|2 cups||Whole milk|
|6 quarts||Whole milk (or 4 qt whole milk and 2 qt nonfat)|
|Cheese rennet (from health food store or other source: see below)|
|A thermometer which will register from about 80 F to 120 F in easy-to-read increments|
|A large stainless steel or enameled pan (mine holds 8 liters)|
|A larger pan in which the first one will fit, double boiler style|
|A long metal spoon|
|A long-bladed knife|
|Freshly washed cheesecloth or muslin (I use a linen dishcloth)|
|A piece of string|
|A flat pan, such as a pie pan|
|A brick (for use as a weight: I use the weights from my husband's weight bench)|
|Optional: plain paraffin wax for coating the|
FOR THE CHEESE
(24 hours before cheesemaking:) Make the culture. -- In a 3- to 4-cup jar with a lid, both just rinsed with boiling water, combine 2 cups whole milk and ½ cup buttermilk, both freshly opened. Cover: hold at 70-75 degrees F for 24 hours.
(The day of cheesemaking:)
Pour the whole milk for the cheese into an enameled or stainless steel pan (not under any circumstances cast iron). Set the pan on a rack, or on top of jar lids, inside the larger pan, making sure there's at least an inch of space between the inner and outer pans. Warm the milk slowly to 86 degrees F. Add ¼ cup of the starter. Maintain the temperature at 86 degrees F for 1½ hours.
Prepare the rennet: If you're using rennet tablets, crush the recommended number of tablets in 1 cup of cold water, and add to the milk. If you're using liquid rennet, mix it in ¼ cup of water (or the amount directed) and add to the milk. In each case, use the amount of rennet recommended for 4 quarts of milk. (I know, you'd think it would be six, but that's what the directions say.)
Add the rennet to the milk. Stir carefully for 1 minute: then maintain temperature of 86 degrees for another hour, leaving the pans undisturbed as the curd sets.
At the end of this additional hour, use the long-bladed knife to cut the curd, straight down from the top to the bottom of the pan, then the same again but crosswise: then the same again, diagonally.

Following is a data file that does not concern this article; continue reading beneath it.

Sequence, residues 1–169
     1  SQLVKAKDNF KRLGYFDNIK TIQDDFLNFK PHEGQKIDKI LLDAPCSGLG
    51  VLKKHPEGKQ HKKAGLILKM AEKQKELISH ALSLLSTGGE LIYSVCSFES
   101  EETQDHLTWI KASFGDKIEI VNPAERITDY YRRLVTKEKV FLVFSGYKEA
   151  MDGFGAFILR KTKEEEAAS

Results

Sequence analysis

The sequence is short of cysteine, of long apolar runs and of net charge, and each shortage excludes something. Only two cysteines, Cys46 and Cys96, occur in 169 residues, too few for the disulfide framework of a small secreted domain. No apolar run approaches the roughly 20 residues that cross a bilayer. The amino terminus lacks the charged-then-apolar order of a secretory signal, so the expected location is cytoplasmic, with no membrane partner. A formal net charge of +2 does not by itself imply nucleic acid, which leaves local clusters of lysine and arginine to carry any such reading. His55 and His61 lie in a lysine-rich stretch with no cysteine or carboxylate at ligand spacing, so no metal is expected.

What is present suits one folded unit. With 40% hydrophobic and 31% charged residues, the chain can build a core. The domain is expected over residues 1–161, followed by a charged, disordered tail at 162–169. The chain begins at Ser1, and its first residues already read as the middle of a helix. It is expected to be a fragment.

Begin increasing the temperature of the curd, taking 30 minutes to bring the temperature up to 98-100 degrees F. As curds firm, "circulate" them with spoon every 5-10 minutes. DO NOT STIR -- just push gently. When ready, a curd dropped 12 inches holds its shape and doesn't spatter.
When curds are properly firmed, line a colander with 3-4 layers washed cheesecloth and set the colander in the sink. Pour the curds and whey (the pale, separated-out liquid) into the colander. Let drain briefly, then rinse curd gently with a stream of tepid water.
Mix salt to taste into the curd (add salt, work it in, check the taste, add more if neccessary). 1 ½ to 1 ¾ tsp. salt seems to be plenty for this kind of cheese. Note that the flavor will be *very* bland if no salt is added.
Pull up the corners of the cheesecloth to make a bag: twist to make a tight ball, and squeeze to force out additional liquid. Tie the top of the bag shut with the string. Set the ball, with the loose fabric spread out on the bottom, in a wide pan. Set another flat dish on top of the cheese, with your brick of weight in it. Let stand overnight in the refrigerator to press and extract liquid.
After being pressed for 24 hours, the cheese is ready to eat. It can also be stored longer (though most of the time it seems to get eaten immediately...). To store, dry it unwrapped in the refrigerator: after 8-10 days it will develop a dry rind of a darkish cream color. Or you can wax it -- in this case, as soon as you unwrap the cheese, wipe it with acidulated water (1 cup water, 1 tablespoon vinegar) and pat dry: then chill cheese, and dip into melted paraffin wax until ⅛ inch thick shell builds up.
Posted to CHILE-HEADS DIGEST V4 #151 by Peter Morwood & Diane Duane <owlsprng@...> on Oct 07, 1997
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